Film & TV

March Madness Basketball Movie Binge: Sweet 16 Edition

Run down our list of real players to film reel flicks and b-ball comedies.

Every March Madness fan knows the tournament was set to be in the midst of the Sweet 16 now, so we continue with our brackets of binge-worthy basketball movies so you can still get some great hoops on the small screen there at home. Our opening bracket saw lots of Hamptons support come in behind Killer Bees—not a surprise for the hometown favorites—but there’s no predicting who will emerge victorious here as we present a lineup of 16 films starring real-life basketball stars and a comedic collection for some always-welcome levity.

Real Hoops Stars to Reel

Space Jam
Michael Jordan teaming up with an animated squad including Bugs Bunny and Daffy Duck for this imagining of how he spent his first NBA retirement, or that this 1996 fantasy became the highest-grossing basketball film ever with more than $230 million at the box office, should not surprise you. What will, however, is the fact that Shawn Bradley and Mugsy Bogues made a team in the film that included future Hall of Famers Charles Barkley and Patrick Ewing.

He Got Game
Denzel Washington is an incarcerated killer in Spike Lee’s gritty 1998 NYC story, but the surprising star turns out to be soon-to-be NBA All-Star and Olympian Ray Allen, who plays Jesus Shuttlesworth—the nation’s top player, Washington’s son and a pawn in a world exploring college recruiting, father-son relationships and shots at redemption.

Cornbread, Earl and Me
Laurence Fishburne makes his big-screen debut in this 1975 tale of three young men—Wilford Robinson (Fishburne), Earl Carter (Tierre Turner) and Nathaniel “Cornbread” Hamilton (Jamaal Wilkes, the 1975 NBA Rookie of the Year)—and the drama surrounding a local hero, hoops hopes and broken dreams.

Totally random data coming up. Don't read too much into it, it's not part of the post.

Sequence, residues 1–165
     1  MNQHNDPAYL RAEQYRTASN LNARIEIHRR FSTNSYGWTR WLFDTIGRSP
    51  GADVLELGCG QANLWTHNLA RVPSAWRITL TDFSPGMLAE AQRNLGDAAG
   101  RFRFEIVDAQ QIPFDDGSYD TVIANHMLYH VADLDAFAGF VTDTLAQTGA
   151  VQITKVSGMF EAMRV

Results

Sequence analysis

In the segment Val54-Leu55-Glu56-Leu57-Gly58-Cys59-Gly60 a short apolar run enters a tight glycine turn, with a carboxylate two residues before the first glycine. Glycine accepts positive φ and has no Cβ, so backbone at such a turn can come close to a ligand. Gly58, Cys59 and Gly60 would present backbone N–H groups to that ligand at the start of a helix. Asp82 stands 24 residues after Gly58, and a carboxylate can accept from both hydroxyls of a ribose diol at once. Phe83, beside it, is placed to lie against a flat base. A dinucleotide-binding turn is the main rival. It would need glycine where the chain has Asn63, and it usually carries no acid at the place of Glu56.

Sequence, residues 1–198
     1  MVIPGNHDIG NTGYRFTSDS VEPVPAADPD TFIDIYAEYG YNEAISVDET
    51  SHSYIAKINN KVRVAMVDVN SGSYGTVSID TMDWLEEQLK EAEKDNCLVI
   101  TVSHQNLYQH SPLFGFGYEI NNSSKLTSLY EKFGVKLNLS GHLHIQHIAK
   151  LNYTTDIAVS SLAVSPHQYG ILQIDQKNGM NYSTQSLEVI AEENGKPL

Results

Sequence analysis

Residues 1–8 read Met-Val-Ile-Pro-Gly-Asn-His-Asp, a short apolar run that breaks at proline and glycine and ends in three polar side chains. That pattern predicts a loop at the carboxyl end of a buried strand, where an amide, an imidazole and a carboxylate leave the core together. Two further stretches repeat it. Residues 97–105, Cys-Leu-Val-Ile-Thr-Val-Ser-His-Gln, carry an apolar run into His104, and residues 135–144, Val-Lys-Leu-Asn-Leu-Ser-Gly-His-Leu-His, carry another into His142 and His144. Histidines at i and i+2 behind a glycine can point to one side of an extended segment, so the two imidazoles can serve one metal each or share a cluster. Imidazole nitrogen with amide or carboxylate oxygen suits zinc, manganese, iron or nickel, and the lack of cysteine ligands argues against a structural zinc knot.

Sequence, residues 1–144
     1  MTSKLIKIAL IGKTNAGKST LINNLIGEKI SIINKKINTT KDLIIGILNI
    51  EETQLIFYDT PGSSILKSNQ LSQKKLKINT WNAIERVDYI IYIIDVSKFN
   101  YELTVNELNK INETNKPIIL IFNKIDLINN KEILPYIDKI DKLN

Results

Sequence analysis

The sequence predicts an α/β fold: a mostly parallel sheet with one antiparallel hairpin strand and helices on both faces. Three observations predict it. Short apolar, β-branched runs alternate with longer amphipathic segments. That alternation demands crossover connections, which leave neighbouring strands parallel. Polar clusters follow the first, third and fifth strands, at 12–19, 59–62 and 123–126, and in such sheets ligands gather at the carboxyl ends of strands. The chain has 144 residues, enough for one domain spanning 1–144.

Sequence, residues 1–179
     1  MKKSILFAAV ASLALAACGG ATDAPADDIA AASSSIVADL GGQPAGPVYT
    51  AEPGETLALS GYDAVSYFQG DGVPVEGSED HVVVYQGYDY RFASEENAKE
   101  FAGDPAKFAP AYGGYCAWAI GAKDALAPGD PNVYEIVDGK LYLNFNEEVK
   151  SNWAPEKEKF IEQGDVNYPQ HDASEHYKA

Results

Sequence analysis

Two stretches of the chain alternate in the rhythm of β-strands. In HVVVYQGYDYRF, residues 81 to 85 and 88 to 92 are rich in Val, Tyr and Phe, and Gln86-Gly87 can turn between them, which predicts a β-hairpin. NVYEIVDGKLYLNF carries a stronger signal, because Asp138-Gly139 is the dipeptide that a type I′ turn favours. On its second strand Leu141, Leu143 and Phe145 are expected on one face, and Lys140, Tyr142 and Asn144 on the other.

Fast Break
Welcome Back Kotter’s Gabe Kaplan (do you even remember Welcome Back Kotter?)and future NBA Hall of Famer Bernard King team up as unlikely coach and star player at Cadwallader University, where gamblers, hit men and the unbeatable odds come together in this 1979 flick for some easy-going laughs and another hoops role for Laurence Fishburne.

The Fish That Saved Pittsburgh
Julius Erving was one of the players most instrumental in helping the NBA evolve into a high-flying, electrifying league where the game was played above the rim, but it took the idea of creating a team all born under the Pisces sign, and an era-perfect disco soundtrack, to help Dr. J lead the fictional Pittsburgh Pythons to glory in this 1979 cult fave.

Blue Chips
Anfernee Hardaway and Shaquille O’Neal famously teamed up to lead the NBA’s Orlando Magic, to the 1995 NBA Finals, but first they played together for Nick Nolte in this 1994 flick (during the filming of which, legend has it, Shaq told the Magic they should select Hardaway in the upcoming draft). Cameos by Larry Bird, Bob Knight, Rick Pitino, Bobby Hurley, Bob Cousy, Jim Boeheim, Jerry Tarkanian and other college hoops legends make the game of “did you see who that was?” as fun and the on-court action itself.

Like Mike
When orphan Calvin Cambridge (Lil’ Bow Wow) finds a pair of sneakers he thinks belonged to Michael Jordan, a journey begins in this 2002 film that takes him to a roster spot on the fictional Los Angeles Knights, into showdowns with the NBA’s San Antonio Spurs and the Toronto Raptors, and ultimately to…oh, we can’t give away the ending, can we?